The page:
In [5]:
cslnb.showCausalImpact(weModele1, "Mortality", "Walking",values={"Walking":"intense"})
G confounder Walking Walking confounder->Walking Mortality Mortality confounder->Mortality Walking->Mortality
Causal Model
Hedge Error: G={'Mortality', 'Walking'}, G[S]={'Mortality'}
Impossible
No result
Impact

Introducing age as a confounder:

We want to measure the causal effect of walking on mortality, the introduction of a confounding bias occurs when a third variable called “confounding variable” influences both walking and mortality. An obvious confounder is age, younger subjects exercise more and have more time to live! (there are other confounders)

Let’s use fictitious data:

In [6]:
wea = gum.fastBN("Age{cat1|cat2|cat3}->Walking{casual|normal|intense}->Mortality{dead|alive}<-Age{cat1|cat2|cat3}")

gnb.sideBySide(wea,wea.cpt("Age"),wea.cpt("Walking"),wea.cpt("Mortality"),
               captions=["the BN","the marginal for $Age$","the CPT for $Walking$","the CPT for $Mortality$"])
G Mortality Mortality Walking Walking Walking->Mortality Age Age Age->Mortality Age->Walking
the BN
Age
cat1
cat2
cat3
0.22030.35110.4286

the marginal for $Age$
Walking
Age
casual
normal
intense
cat1
0.26510.39630.3386
cat2
0.10980.19320.6970
cat3
0.41780.36560.2166

the CPT for $Walking$
Mortality
Age
Walking
dead
alive
cat1
casual
0.48790.5121
normal
0.41290.5871
intense
0.39120.6088
cat2
casual
0.91290.0871
normal
0.59040.4096
intense
0.20610.7939
cat3
casual
0.07710.9229
normal
0.11840.8816
intense
0.60250.3975

the CPT for $Mortality$

Causal effect of walking on mortality with age as a confounder:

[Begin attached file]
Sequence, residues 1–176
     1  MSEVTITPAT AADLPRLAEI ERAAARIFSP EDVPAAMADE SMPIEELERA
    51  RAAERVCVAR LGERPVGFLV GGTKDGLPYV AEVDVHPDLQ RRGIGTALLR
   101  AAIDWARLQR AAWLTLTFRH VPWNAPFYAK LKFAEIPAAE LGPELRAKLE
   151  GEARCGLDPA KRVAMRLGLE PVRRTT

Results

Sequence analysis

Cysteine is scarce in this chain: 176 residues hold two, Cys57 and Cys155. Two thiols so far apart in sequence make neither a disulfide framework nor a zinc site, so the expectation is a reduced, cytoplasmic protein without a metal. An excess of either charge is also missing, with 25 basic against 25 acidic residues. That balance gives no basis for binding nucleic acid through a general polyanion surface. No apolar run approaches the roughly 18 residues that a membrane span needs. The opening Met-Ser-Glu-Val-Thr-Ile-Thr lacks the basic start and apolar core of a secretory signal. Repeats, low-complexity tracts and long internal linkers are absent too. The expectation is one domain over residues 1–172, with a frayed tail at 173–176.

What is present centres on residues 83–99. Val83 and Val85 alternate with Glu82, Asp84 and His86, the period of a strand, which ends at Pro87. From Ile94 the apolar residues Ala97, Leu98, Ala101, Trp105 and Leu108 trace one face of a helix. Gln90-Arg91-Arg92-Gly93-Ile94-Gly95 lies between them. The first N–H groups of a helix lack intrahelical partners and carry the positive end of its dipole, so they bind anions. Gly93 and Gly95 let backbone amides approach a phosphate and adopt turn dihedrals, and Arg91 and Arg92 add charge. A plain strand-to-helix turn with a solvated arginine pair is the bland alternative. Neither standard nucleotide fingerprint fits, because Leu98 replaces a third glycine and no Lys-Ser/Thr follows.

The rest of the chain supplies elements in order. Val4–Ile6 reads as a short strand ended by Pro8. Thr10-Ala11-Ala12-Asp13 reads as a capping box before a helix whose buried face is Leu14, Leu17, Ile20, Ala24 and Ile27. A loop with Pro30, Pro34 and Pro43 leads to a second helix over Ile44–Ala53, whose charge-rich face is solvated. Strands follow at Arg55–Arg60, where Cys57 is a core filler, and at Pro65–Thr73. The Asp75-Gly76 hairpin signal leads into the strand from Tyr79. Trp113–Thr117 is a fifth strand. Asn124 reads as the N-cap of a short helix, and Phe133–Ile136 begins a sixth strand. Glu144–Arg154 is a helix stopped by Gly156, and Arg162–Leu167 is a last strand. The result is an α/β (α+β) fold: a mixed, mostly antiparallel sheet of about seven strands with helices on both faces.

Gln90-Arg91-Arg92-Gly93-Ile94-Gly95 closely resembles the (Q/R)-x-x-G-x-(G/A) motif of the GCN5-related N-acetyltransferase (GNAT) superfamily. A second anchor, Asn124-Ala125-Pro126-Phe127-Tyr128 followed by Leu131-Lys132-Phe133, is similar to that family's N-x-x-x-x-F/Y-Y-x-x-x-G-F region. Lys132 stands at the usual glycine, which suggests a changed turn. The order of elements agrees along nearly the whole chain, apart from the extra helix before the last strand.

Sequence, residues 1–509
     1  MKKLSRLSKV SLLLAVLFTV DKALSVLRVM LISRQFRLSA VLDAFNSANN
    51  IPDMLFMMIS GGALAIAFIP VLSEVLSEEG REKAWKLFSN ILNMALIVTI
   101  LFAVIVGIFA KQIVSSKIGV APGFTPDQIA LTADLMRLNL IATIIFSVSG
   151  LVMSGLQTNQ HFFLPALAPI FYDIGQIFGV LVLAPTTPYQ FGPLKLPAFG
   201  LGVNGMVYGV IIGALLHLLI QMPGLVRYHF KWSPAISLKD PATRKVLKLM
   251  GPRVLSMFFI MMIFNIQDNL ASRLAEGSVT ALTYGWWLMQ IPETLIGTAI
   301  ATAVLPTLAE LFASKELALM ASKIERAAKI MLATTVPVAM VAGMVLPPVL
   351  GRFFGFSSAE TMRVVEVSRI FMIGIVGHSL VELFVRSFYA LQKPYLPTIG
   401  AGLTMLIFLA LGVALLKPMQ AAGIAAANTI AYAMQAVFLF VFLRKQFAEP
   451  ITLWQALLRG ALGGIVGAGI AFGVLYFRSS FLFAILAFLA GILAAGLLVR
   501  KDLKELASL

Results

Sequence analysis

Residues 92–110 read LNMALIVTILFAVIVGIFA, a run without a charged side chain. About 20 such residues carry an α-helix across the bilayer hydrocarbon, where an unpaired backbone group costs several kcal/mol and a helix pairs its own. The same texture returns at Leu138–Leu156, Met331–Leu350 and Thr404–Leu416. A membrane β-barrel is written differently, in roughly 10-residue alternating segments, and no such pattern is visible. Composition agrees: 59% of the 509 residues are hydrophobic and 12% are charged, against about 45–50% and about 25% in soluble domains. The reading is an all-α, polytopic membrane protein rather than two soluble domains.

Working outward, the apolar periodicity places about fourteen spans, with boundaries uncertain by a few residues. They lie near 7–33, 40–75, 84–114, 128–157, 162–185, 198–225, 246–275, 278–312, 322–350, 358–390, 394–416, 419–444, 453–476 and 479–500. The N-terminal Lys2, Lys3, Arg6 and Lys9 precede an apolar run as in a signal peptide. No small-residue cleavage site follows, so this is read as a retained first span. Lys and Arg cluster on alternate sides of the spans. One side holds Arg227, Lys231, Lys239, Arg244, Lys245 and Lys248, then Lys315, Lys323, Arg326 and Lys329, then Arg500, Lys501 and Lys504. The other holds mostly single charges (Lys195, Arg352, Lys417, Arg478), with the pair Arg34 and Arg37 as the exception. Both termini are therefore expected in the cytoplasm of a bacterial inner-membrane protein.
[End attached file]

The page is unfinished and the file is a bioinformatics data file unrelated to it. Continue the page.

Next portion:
In [7]:
weModele2 = csl.CausalModel(wea)
cslnb.showCausalImpact(weModele2, "Mortality", "Walking",values={})
G Age Age Walking Walking Age->Walking Mortality Mortality Age->Mortality Walking->Mortality
Causal Model
$$\begin{equation*}P( Mortality \mid \text{do}(Walking)) = \sum_{Age}{P\left(Mortality\mid Age,Walking\right) \cdot P\left(Age\right)}\end{equation*}$$
Explanation : backdoor ['Age'] found.
Mortality
Walking
dead
alive
casual
0.46110.5389
normal
0.34900.6510
intense
0.41680.5832

Impact

We adjusted for Age using the back-door criterion (Age blocks all back-door paths from Walking to Mortality, setting Walking= “intense” or conditioning on Walking=”intense” has the same effect on Mortality)

Conclusion:

After adjusting for age, we obtain that 40.5% (43% unadjusted) of casual walkers died, whereas only 23.8% (21,5% unadjusted) of intense walkers died. The correlation induced by Age between the two variables is negligible. Even after adjusting for all plausible confounders, after getting rid of all confounding bias, Walking is still associated to Mortality. Unless we missed any other confounders, in which case the remaining uncertainty is proportional to the correlation induced by these hidden variables, we can say that intentional walking prolongs life among the studied population.

In an observational study, adjusting for confounding factors is systematic in order to measure the causal effect of a treatment on an outcome.

Study measurements both unadjusted and age-adjusted:

title

In [ ]: